51 relations: Acoustic wave, Alexanderson alternator, AM broadcasting, Amateur radio, Amplifier, Amplitude modulation, Audio power amplifier, Audio signal, Biasing, Candlestick telephone, Carbon, Chemical industry, Cliff effect, Continuous wave, Current divider, David Edward Hughes, Diaphragm (acoustics), Direct current, Electric current, Electrical resistance and conductance, Electromagnetic pulse, Emile Berliner, Explosion, Frequency response, Gain (electronics), Lightning, Metal, Microphone, Mining, Modulation, Noise (electronics), Nuclear explosion, Oscillation, Party line (telephony), Plain old telephone service, Pressure, Public address system, Reginald Fessenden, Repeater, Royal Society, Shure, Sound, Sound quality, Telephone exchange, Telephony, Third World, Thomas Edison, Transducer, Transmitter, Vacuum tube, ..., Voltage. Expand index (1 more) » « Shrink index
Acoustic waves (also known as sound waves) are a type of longitudinal waves that propagate by means of adiabatic compression and decompression.
An Alexanderson alternator is a rotating machine invented by Ernst Alexanderson in 1904 for the generation of high-frequency alternating current for use as a radio transmitter.
AM broadcasting is a radio broadcasting technology, which employs amplitude modulation (AM) transmissions.
Amateur radio, also known as ham radio, describes the use of radio frequency spectrum for purposes of non-commercial exchange of messages, wireless experimentation, self-training, private recreation, radiosport, contesting, and emergency communication.
An amplifier, electronic amplifier or (informally) amp is an electronic device that can increase the power of a signal (a time-varying voltage or current).
Amplitude modulation (AM) is a modulation technique used in electronic communication, most commonly for transmitting information via a radio carrier wave.
An audio power amplifier (or power amp) is an electronic amplifier that reproduces low-power electronic audio signals such as the signal from radio receiver or electric guitar pickup at a level that is strong enough for driving (or powering) loudspeakers or headphones.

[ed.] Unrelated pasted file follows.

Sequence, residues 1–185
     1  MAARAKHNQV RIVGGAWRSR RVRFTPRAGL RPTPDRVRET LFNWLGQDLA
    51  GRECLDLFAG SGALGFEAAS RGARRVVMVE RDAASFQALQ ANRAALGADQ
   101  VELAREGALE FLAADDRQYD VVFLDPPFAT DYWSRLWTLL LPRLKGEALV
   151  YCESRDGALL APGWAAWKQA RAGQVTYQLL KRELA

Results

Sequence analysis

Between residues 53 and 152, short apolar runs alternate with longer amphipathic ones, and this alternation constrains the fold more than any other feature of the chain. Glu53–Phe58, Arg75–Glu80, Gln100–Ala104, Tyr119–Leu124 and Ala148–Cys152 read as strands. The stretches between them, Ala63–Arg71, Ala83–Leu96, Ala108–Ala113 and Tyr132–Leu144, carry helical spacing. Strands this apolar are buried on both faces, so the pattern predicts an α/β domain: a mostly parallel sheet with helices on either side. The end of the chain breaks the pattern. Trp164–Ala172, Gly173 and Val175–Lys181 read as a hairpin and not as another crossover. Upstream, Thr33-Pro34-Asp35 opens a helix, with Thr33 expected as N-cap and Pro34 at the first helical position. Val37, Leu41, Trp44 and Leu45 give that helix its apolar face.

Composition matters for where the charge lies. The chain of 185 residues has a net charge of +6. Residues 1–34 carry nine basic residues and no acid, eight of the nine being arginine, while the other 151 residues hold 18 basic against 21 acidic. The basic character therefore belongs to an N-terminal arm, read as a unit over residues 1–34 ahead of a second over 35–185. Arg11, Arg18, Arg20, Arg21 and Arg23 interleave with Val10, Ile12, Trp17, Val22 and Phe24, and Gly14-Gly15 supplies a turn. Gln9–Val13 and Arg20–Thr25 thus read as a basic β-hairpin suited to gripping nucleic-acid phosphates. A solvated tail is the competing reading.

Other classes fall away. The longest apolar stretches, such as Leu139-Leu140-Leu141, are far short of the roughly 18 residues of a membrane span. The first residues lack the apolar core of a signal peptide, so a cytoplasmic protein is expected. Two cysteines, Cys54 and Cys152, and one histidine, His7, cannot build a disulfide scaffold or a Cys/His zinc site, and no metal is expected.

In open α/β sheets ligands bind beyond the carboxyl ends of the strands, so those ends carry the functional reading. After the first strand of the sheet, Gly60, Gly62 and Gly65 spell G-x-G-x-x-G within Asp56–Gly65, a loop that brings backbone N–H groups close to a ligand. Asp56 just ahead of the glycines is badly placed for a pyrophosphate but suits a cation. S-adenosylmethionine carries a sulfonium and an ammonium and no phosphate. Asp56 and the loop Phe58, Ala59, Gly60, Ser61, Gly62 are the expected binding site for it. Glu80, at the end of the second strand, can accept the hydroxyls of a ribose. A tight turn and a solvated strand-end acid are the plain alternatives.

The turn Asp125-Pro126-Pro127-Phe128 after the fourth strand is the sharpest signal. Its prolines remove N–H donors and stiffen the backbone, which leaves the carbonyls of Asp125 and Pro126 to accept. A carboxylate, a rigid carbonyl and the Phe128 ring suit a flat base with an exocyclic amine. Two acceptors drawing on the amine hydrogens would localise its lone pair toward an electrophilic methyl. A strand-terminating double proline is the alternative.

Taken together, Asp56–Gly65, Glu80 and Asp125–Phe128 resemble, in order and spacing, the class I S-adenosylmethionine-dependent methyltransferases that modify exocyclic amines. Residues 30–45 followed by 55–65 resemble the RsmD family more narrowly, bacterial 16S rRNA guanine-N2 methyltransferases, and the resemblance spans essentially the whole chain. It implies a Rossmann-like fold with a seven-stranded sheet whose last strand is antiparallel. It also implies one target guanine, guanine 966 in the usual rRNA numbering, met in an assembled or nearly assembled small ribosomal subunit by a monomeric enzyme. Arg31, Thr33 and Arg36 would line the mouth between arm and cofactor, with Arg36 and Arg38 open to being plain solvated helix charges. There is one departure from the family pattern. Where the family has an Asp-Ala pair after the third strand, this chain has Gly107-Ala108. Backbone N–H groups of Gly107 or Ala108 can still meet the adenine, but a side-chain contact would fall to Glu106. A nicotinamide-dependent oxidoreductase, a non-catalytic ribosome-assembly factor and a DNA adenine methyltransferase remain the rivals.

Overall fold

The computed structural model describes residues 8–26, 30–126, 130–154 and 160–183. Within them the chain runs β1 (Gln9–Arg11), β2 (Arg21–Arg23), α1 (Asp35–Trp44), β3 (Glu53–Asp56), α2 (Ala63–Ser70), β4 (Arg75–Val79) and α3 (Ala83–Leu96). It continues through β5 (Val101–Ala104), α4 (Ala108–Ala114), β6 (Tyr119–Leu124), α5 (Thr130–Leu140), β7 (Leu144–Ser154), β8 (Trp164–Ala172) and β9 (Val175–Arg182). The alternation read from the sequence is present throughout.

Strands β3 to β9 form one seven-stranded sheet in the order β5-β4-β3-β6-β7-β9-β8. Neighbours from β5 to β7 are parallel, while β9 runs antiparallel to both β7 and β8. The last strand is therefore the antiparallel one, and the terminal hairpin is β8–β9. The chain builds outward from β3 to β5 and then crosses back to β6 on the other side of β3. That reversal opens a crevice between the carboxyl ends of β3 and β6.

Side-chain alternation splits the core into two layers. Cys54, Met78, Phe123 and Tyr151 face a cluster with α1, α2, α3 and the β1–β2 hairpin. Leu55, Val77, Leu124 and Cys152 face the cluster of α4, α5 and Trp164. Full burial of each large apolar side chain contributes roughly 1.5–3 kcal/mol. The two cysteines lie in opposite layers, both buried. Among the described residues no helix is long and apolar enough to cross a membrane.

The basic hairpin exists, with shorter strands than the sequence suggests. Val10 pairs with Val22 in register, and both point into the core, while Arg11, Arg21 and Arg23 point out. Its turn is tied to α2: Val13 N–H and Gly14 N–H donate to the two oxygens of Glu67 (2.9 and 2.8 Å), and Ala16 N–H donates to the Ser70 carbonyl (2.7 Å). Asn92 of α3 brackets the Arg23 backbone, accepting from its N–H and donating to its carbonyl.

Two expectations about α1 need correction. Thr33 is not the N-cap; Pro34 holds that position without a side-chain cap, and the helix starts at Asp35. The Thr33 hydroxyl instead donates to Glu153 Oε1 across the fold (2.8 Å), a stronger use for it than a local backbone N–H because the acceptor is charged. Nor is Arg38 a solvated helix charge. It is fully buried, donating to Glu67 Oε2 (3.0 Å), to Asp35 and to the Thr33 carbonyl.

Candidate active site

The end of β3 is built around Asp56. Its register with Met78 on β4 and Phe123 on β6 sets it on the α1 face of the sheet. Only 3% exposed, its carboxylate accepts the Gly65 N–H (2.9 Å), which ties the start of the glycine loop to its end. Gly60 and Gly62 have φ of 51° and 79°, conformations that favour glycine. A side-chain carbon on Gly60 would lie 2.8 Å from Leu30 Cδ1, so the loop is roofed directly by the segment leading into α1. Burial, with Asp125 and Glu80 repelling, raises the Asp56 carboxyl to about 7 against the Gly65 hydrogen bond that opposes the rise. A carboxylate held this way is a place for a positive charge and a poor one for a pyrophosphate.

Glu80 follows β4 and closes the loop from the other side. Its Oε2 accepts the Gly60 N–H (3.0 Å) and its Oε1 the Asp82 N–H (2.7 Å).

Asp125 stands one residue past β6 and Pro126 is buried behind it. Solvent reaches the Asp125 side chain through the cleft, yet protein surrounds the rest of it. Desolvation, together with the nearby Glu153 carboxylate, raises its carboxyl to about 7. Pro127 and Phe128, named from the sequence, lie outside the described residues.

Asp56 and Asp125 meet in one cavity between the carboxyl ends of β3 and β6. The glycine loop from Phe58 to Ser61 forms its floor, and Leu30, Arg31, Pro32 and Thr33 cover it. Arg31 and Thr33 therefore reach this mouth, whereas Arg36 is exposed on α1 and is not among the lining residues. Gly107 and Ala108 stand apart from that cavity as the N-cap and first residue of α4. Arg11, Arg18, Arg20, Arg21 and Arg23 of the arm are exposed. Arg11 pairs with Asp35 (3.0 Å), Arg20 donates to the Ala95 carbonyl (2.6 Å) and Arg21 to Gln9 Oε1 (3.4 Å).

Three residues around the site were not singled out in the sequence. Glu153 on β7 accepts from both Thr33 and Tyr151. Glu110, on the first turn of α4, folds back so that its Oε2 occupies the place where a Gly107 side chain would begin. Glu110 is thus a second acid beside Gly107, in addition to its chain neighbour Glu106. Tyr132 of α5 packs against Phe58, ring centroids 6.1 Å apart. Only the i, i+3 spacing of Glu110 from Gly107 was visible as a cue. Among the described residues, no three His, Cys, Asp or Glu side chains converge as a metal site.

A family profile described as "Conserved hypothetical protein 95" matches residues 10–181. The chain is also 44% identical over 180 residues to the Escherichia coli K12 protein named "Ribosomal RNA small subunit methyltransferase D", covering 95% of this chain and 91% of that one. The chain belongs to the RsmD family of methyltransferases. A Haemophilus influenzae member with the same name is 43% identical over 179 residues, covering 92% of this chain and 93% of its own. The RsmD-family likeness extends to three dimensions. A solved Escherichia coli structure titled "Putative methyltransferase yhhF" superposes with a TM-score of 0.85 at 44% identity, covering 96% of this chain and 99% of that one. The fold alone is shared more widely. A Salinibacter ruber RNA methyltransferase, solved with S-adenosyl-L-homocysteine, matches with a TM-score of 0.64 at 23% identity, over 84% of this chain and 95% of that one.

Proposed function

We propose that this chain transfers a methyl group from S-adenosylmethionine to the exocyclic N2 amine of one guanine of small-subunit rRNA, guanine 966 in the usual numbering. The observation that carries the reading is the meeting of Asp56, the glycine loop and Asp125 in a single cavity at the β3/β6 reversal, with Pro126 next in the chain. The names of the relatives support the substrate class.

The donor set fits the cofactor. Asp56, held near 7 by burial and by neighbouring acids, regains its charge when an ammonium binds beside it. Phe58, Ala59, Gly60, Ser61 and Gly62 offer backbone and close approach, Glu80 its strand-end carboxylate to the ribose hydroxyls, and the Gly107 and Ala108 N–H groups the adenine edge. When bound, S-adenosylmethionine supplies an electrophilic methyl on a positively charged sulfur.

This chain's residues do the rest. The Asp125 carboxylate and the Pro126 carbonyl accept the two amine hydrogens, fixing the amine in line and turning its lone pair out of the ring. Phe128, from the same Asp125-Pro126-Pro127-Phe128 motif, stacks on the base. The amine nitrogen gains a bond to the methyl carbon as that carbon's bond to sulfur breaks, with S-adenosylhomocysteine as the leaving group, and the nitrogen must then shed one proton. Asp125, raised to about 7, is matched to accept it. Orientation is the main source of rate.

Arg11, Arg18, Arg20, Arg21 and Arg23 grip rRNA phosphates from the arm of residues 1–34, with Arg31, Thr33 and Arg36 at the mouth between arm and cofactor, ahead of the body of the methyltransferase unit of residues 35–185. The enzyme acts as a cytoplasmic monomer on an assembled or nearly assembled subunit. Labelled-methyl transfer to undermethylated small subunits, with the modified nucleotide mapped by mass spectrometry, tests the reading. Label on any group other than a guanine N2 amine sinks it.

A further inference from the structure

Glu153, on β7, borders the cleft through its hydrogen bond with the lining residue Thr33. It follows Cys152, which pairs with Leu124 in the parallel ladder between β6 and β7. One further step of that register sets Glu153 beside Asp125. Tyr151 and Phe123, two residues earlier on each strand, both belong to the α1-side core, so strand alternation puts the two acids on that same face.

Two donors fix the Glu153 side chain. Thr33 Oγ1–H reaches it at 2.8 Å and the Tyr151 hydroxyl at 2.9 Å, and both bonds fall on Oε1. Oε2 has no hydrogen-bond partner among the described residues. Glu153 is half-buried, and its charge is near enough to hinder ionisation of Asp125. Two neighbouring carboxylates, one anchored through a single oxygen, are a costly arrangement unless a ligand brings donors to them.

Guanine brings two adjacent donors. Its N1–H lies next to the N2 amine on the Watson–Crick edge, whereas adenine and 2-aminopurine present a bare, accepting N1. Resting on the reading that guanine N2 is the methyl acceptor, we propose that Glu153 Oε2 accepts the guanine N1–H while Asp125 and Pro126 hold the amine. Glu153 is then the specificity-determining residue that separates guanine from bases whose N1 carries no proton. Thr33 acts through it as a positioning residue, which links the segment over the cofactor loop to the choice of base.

An audio signal is a representation of sound, typically as an electrical voltage for analog signals and a binary number for digital signals.
Biasing in electronics means establishing predetermined voltages or currents at various points of an electronic circuit for the purpose of establishing proper operating conditions in electronic components.
The candlestick telephone is a style of telephone that was common from the late 1890s to the 1940s.
Carbon (from carbo "coal") is a chemical element with symbol C and atomic number 6.
The chemical industry comprises the companies that produce industrial chemicals.
In telecommunications, the (digital) cliff effect or brickwall effect is a sudden loss of digital signal reception.
A continuous wave or continuous waveform (CW) is an electromagnetic wave of constant amplitude and frequency, almost always a sine wave, that for mathematical analysis is considered to be of infinite duration.
In electronics, a current divider is a simple linear circuit that produces an output current (IX) that is a fraction of its input current (IT).
David Edward Hughes (16 May 1831 – 22 January 1900), was a British-American inventor, practical experimenter, and professor of music known for his work on the printing telegraph and the microphone.
In the field of acoustics, a diaphragm is a transducer intended to inter-convert mechanical vibrations to sounds, or vice versa.
Direct current (DC) is the unidirectional flow of electric charge.
An electric current is a flow of electric charge.
The electrical resistance of an electrical conductor is a measure of the difficulty to pass an electric current through that conductor.
An electromagnetic pulse (EMP), also sometimes called a transient electromagnetic disturbance, is a short burst of electromagnetic energy.
Emile Berliner (May 20, 1851 – August 3, 1929), originally Emil Berliner, was a German-born American inventor.
An explosion is a rapid increase in volume and release of energy in an extreme manner, usually with the generation of high temperatures and the release of gases.